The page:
On Sunday, as Greenville prepared to host second round games in the NCAA Tournament for the first time since 2002, a flag was raised over Bon Secours Wellness Arena.

Anchored in the back of a pickup truck, parked atop the garage adjacent to the arena, four protesters raised a Confederate battle flag to wave as basketball fans arrived.

The flag was the reason that the tournament had left the state for 15 years, as the NCAA pulled events from South Carolina for as long as the Confederate flag flew over the statehouse. When then governor Nikki Haley ordered the flag removed, in the aftermath of Dylan Roof’s church shooting in 2015, the NCAA lifted its ban.

Soon after the flag was raised, the NCAA, which moved the opening weekend games from Greensboro, N.C. in reaction to that state’s HB2 law, released a statement.

“The NCAA is proud and excited to host championships in the state of South Carolina once again. We are committed to assuring that our events are safe and accessible to all. No symbols that compromise that commitment will be permitted to be displayed on venue property that the tournament controls. Freedom of speech activities on public property in areas surrounding the arena are managed by the city of Greenville and we are supportive of the city’s efforts.”

Three protestors attempted to demonstrate with flags at the main public entrance to the arena, but they were dispatched by security. A group of reporters followed them into the parking deck elevator as they returned to the roof, where the original flag still flew.

“They used an anti-protesting ordinance,” said James Bessinger. “It bans protesting in public areas while holding signs on sticks, and they decided to apply that to our flagpoles, even though the ordinance doesn’t say flagpoles. So they told us we had to leave, or they were going to lock us up.”

Bessinger is a bearded, red-haired man who looked to be in his late 20s. He said he is “distant kin” to the barbeque Bessingers. He provided a business card from the South Carolina Secessionist Party.

“These are the old cards,” he said, “but our website is on the Facebook page.”

That site—which had 3,176 visitors as of Sunday afternoon, state’s the groups platform, which includes, “fighting cultural marxism and historical genocide regardless of where it rears its ugly head.”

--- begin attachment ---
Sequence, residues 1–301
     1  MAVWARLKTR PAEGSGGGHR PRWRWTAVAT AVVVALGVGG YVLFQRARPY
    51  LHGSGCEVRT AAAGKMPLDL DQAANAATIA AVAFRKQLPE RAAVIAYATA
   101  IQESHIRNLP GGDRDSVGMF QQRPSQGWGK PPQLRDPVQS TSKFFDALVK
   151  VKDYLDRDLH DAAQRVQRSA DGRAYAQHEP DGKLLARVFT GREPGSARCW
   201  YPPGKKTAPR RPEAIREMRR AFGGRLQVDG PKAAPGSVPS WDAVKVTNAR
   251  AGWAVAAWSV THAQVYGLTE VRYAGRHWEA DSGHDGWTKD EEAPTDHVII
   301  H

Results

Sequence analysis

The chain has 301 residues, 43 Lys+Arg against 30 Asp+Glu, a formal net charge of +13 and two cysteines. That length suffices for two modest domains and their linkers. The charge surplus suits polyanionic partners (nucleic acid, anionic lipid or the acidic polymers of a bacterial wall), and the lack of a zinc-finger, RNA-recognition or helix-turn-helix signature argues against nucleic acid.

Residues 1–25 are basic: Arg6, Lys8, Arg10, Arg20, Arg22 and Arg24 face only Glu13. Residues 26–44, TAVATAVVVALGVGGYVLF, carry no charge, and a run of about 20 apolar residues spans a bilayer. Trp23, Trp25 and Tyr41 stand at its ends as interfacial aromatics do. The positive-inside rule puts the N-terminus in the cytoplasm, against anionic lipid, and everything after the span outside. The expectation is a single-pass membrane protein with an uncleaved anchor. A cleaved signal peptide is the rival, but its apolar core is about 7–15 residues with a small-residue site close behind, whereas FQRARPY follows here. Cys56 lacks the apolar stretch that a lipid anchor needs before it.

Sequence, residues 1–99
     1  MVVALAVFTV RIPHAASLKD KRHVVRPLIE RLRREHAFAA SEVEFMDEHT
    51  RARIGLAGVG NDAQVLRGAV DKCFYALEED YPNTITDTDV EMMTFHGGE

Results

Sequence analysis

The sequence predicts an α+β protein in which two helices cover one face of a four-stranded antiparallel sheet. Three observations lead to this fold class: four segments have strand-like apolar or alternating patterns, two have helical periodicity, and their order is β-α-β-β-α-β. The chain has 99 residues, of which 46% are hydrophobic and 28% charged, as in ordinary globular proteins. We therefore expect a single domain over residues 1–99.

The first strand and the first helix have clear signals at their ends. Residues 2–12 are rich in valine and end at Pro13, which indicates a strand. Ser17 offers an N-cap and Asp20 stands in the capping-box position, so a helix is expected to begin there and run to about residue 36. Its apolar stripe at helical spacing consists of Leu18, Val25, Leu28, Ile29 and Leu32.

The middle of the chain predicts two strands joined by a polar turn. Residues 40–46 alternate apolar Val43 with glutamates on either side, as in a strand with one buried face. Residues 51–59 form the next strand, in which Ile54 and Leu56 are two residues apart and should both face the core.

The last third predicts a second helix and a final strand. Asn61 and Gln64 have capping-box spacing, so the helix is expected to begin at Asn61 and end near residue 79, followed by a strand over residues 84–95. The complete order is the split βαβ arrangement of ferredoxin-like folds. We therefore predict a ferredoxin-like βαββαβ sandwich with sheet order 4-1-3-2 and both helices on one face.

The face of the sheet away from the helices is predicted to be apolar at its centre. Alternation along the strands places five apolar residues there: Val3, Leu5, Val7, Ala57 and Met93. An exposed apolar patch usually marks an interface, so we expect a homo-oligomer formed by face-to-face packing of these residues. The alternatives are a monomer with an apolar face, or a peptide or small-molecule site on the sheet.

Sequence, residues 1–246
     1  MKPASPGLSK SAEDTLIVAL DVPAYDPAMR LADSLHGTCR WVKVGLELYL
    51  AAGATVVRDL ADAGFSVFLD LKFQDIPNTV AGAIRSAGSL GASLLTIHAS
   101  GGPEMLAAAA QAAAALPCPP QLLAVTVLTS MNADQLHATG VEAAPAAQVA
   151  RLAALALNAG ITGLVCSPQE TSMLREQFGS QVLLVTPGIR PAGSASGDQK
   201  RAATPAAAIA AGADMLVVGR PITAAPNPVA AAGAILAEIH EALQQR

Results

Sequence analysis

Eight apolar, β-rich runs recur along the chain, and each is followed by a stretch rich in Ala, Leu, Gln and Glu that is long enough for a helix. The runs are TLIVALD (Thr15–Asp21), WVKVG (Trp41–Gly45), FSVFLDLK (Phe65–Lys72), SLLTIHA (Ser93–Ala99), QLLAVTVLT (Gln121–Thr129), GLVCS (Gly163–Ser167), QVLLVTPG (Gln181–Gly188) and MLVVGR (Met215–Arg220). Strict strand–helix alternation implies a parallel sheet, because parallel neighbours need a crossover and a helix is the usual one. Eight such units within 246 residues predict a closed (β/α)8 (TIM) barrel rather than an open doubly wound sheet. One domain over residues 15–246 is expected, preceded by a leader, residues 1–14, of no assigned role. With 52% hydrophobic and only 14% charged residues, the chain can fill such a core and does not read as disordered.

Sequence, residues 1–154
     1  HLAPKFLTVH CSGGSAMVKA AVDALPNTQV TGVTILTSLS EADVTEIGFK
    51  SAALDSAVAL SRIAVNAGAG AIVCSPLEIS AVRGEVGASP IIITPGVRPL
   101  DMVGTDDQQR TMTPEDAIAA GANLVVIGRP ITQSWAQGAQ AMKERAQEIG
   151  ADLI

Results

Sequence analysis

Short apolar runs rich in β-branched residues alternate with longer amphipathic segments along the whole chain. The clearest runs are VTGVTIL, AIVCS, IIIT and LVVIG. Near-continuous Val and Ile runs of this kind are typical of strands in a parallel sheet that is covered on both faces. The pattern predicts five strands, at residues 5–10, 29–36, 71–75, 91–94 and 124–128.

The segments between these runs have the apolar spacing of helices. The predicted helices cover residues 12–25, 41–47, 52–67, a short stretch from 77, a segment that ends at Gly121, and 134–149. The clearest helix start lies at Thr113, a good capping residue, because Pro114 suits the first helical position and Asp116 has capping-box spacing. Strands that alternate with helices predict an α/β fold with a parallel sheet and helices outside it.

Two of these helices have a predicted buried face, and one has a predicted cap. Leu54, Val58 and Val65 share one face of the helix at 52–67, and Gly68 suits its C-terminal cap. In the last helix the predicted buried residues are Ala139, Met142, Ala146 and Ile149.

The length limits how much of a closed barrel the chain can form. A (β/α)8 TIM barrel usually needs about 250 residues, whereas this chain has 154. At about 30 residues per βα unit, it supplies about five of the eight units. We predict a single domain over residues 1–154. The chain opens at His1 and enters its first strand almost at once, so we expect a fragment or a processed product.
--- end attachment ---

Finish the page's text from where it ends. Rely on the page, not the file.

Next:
James and the other protestors atop the parking garage agreed to discuss their motivations for the display. Here, in their own words, is the explanation.

Bessinger: “We started a campaign about two months ago to start flagging—that’s what we call this, flagging—the state’s major tourist attractions, in response to the fact that when they took the flag down at the statehouse in 2015, the legislation provided that that flag would be put on display honorably at the state museum. That flag as of two weeks ago, when we called, is sitting in closet in a shoebox. It hasn’t happened, almost two years later. So we’re a little frustrated about that. So this is our way of putting a little bit of pressure on the legislature. You want to hide our flag, we’ll make your flag loud and proud  in front of everybody that comes to visit your state until you do what you said you were going to do. The second part of this is the NCAA boycotted our state for, I think it was 12 years, because the flag was at the statehouse.”

Hunter Meadows (interrupting): “Spurred by the NAACP.”

Bessinger. “Now they lifted their boycott. So we wanted to make sure they get to see it when they come to town.”

Meadows: The NCAA should not be political in my opinion, and, in fact, there’s a Confederate graveyard right over there. Just because the corporations and the NCAA wanted to take the flag down, and now that it’s down, they’re going to bring their business here and make a ton of money—the people are still here. The blood descendants are still here, and we’re not going to hide. Just because the flag’s gone doesn’t mean we’re not here. The majority of people in this state support this flag. So we’re just showing them that we’re still here. We’re the little people, is what we are. They’re the big corporations, and they’re just trying to hide us. And they’ve done a pretty good job of it today.”